"Cost-plus" building means that you pay the actual cost of the construction, plus a fee (usually a percentage of the cost) to the builder as his fee. The great thing about this arrangement is that you, the customer, know EXACTLY how much money you're paying the builder, and how much money is going to pay for material and labor. The fee is widely variable, but based on what my fellow builders charge (the ones I trust to tell me the truth), it's typically 15-20%.

    In this case, you have total freedom before and during the build to change anything you want, at any time. As long as you can afford the expense of making the changes, there's nothing to stop you, since you've agreed to pay the cost of construction, whatever it is. The builder doesn't mind, because he's just managing the work and you're paying the bills, and he doesn't have to worry if he's priced a change high enough to make a reasonable profit (and not lose money).

    The downside is that the cost of mistakes, omissions, and lack of planning are on you. You're responsible for material overages, increase in material and labor prices, and whatever other expensive mistakes crop up during your home build. You also pay the builder's fee on top of that, and the fee actually goes up when there are more expensive mistakes in the home build.

    Assuming all things are equal, and you can do all the planning, specifying of materials, budgeting, supervising, and negotiating with the same expertise as a builder who has built dozens, or hundreds, of homes, then building your own house will save you that 10-15%.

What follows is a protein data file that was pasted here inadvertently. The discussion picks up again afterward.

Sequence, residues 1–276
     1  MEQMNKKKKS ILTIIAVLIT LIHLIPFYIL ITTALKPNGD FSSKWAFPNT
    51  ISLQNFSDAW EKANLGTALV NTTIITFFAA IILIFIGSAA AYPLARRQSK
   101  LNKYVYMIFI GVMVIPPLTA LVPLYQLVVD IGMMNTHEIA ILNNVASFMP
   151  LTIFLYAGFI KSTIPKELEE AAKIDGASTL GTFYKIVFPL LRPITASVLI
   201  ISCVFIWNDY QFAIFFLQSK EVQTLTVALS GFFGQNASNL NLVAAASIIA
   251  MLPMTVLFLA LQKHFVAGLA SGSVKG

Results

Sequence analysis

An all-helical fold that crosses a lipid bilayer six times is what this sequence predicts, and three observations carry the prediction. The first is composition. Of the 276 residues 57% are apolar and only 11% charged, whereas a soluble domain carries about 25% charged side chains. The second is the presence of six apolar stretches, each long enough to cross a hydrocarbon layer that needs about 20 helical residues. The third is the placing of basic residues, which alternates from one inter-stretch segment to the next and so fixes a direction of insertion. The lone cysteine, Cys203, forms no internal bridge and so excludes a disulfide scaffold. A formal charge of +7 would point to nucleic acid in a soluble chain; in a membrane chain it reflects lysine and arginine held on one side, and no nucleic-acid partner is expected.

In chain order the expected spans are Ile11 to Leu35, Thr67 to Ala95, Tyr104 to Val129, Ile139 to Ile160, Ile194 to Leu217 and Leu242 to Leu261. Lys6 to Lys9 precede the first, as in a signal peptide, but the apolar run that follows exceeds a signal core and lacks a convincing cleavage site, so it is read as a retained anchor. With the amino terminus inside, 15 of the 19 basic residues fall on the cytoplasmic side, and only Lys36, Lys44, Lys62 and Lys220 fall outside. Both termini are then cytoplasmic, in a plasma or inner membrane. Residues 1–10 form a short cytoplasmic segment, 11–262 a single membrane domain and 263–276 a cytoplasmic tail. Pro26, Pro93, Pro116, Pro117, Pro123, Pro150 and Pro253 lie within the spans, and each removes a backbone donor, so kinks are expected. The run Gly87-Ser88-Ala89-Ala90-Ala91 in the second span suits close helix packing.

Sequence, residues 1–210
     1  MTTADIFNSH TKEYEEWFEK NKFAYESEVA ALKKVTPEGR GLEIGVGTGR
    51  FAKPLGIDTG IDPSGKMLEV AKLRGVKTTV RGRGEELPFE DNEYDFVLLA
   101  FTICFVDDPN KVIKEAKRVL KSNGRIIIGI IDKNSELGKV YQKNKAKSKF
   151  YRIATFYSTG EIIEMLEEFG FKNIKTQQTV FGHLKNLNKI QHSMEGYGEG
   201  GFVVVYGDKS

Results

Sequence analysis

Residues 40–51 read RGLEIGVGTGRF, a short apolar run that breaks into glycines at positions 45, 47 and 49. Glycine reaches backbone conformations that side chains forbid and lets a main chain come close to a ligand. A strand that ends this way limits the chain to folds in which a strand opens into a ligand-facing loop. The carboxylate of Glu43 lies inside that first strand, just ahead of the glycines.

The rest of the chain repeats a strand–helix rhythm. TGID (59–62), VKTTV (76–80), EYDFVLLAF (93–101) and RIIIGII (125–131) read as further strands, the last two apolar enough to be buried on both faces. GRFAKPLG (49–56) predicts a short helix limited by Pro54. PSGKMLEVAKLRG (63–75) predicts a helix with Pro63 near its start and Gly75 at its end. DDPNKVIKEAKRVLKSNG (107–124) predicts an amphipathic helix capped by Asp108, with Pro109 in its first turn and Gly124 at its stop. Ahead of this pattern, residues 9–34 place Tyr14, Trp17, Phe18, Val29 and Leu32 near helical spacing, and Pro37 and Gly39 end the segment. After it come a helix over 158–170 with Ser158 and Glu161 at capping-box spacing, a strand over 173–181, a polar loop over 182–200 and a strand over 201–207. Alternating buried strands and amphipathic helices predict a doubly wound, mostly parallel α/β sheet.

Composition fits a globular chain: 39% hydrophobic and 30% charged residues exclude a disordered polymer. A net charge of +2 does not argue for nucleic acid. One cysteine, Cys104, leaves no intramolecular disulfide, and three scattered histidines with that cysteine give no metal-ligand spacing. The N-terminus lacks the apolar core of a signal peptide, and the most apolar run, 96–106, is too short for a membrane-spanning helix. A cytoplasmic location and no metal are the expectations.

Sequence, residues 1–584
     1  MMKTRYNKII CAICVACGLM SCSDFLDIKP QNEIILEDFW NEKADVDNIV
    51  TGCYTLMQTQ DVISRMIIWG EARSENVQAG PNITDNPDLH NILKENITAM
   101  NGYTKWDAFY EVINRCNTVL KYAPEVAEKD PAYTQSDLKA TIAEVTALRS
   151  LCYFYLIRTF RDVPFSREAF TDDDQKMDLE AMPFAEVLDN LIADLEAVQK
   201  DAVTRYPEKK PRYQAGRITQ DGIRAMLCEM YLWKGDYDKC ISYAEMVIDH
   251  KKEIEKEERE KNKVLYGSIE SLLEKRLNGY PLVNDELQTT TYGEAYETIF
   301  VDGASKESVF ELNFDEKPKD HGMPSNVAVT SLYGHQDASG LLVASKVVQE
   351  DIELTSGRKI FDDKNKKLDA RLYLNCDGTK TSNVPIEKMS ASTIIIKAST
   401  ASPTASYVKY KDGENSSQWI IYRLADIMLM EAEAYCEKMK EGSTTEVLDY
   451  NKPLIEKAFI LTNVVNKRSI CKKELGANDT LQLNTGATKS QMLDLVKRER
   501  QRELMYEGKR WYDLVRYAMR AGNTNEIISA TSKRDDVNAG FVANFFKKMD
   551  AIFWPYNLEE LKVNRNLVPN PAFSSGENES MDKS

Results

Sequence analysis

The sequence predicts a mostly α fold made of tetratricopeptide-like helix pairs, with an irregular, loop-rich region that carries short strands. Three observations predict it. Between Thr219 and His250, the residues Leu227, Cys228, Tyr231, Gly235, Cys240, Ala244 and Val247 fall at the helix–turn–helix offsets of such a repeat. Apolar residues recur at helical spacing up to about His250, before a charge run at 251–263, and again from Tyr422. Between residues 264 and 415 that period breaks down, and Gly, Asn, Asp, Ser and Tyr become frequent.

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    The Fixed-Price Contract

    The other main type of home building contract is "fixed-price," which means that the builder plans out every detail of your home ahead of time, tells you how much it is, and is responsible for the cost of mistakes.

    There is profit in the fixed-price contract, of course, or else the builder wouldn't still be in business. There's a wider range in the fixed-price contract simply because the builder absorbs all the variation from the original estimate. It's in the range of 10-25%, according to numbers from the National Association of Homebuilders (NAHB). Since the profit margin decreases any time there are expensive mistakes, the builder is more motivated than you are to keep those mistakes to a minimum.

    Doesn't that tempt the fixed-price builder to cut corners if there's a problem? Possibly, and that becomes easy to do if you don't have an extremely detailed list of specifications he agreed to follow. Your home should be defined down to the last doorknob, so you know whether your home is built as promised.

    The good fixed-price builder has control processes in place, developed over the course of many years of building homes, which is why he has the confidence to give you a fixed price. He knows what he can do and what he can't do. The bad one is winging it anyway, with no idea how much he'll make until it's done. His original price was a guess, so he doesn't have anything to compare the final number to.

    The good fixed-price builder can build your home for less money, even with his profit, than you could yourself, because of the systems and techniques he's refined over the years. And the close relationships he has with suppliers and contractors can also help you keep costs down. The bad one can't, but you don't want him anyway.

    Now you know how much a builder makes. The good ones earn it, and unlike your savings account, you will actually make a return on that investment.